About the Authors: Geoffrey L. Cohen is professor of psychology and the James G. March Professor of Organizational Studies in Education and Business at Stanford University. 

Subject Category: Psychology / Social Psychology

“This is perhaps the richest book on belonging you’ll ever read.… The inspiration one draws from every page of this book is an enhanced sense of what...


Advance Praise

"This book is a beacon of hope for our fractured times. A leading expert on belonging offers an engaging analysis of the science and practice of breaking down the barriers between people and building bridges to a more respectful world." - Adam Grant, #1 New York Times bestselling author of Think Again

"Belonging is a masterpiece of social psychology—well-researched, highly engaging, and fundamentally useful to anyone who wants to bring out the best in themselves and in others, whether at school, at home, or in the workplace. At a time of so much social disruption and disconnection, Geoffrey L. Cohen has provided a very helpful and profoundly hopeful guide, rooted in well-tested psychological principles, that we urgently need. Everyone should read this book!" - Beverly Daniel Tatum, author of Why Are All the Black Kids Sitting Together in the Cafeteria? and Other Conversations About Race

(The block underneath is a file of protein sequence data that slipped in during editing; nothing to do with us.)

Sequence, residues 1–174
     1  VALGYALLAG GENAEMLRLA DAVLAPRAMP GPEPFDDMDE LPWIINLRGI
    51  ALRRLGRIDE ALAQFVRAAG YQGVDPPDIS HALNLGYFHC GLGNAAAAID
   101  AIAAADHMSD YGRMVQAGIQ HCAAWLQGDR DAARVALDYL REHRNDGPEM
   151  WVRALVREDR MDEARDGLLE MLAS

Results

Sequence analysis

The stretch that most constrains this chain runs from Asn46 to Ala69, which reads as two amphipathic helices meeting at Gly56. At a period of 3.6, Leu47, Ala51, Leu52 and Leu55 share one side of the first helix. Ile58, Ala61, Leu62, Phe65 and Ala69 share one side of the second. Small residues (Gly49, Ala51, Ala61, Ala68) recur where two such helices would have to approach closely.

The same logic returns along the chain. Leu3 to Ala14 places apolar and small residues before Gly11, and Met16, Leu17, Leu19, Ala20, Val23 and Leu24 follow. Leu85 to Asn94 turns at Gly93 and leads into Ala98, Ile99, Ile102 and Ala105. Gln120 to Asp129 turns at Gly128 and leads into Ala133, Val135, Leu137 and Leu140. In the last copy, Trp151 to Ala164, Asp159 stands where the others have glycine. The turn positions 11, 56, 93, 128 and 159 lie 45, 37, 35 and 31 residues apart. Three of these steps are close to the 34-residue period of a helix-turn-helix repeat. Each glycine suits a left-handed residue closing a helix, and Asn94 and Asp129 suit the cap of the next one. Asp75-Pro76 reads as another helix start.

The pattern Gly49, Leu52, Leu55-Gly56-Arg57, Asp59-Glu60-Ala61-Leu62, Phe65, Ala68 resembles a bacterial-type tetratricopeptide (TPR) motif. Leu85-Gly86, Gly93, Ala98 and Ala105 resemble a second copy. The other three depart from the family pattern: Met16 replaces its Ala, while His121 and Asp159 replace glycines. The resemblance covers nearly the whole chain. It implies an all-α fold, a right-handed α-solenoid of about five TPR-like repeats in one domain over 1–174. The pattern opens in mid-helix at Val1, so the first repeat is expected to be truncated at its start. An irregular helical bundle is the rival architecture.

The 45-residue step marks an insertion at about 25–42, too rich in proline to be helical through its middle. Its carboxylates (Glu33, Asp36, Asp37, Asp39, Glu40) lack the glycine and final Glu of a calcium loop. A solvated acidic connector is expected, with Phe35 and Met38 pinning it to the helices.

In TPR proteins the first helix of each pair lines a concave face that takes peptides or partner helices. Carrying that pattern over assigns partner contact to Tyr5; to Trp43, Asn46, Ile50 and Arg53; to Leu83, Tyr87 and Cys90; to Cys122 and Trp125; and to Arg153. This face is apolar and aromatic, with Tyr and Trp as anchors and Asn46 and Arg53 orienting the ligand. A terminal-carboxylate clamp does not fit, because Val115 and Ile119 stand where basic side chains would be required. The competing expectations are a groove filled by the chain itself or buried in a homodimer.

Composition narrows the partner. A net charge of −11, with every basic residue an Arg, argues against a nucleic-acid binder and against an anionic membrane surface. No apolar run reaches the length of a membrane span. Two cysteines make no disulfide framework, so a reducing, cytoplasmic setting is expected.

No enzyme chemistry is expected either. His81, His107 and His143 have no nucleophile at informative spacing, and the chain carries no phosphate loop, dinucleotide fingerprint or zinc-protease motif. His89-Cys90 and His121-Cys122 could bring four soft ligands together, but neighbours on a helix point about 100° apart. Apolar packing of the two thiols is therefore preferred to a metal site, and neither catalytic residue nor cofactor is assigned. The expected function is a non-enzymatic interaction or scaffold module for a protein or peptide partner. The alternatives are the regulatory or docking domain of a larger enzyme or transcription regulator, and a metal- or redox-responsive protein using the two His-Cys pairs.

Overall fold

"No one before Geoffrey L. Cohen has pulled together all the research relevant to diversity and inclusion in a single volume, helping us to understand belonging through a social psychological lens. The book is masterful, showcasing highly effective interventions. An inspiration!" - Peter Salovey, president of Yale University

"Belonging combines rich science, compelling stories, and beautiful prose to illuminate the social psychological principles behind the need to belong and how to foster belonging and connection in a fractured world. Reading this book will yield insights into your own motivation and behavior and will help you understand the source of many pressing problems of our time." - Sonja Lyubomirsky, author of The How of Happiness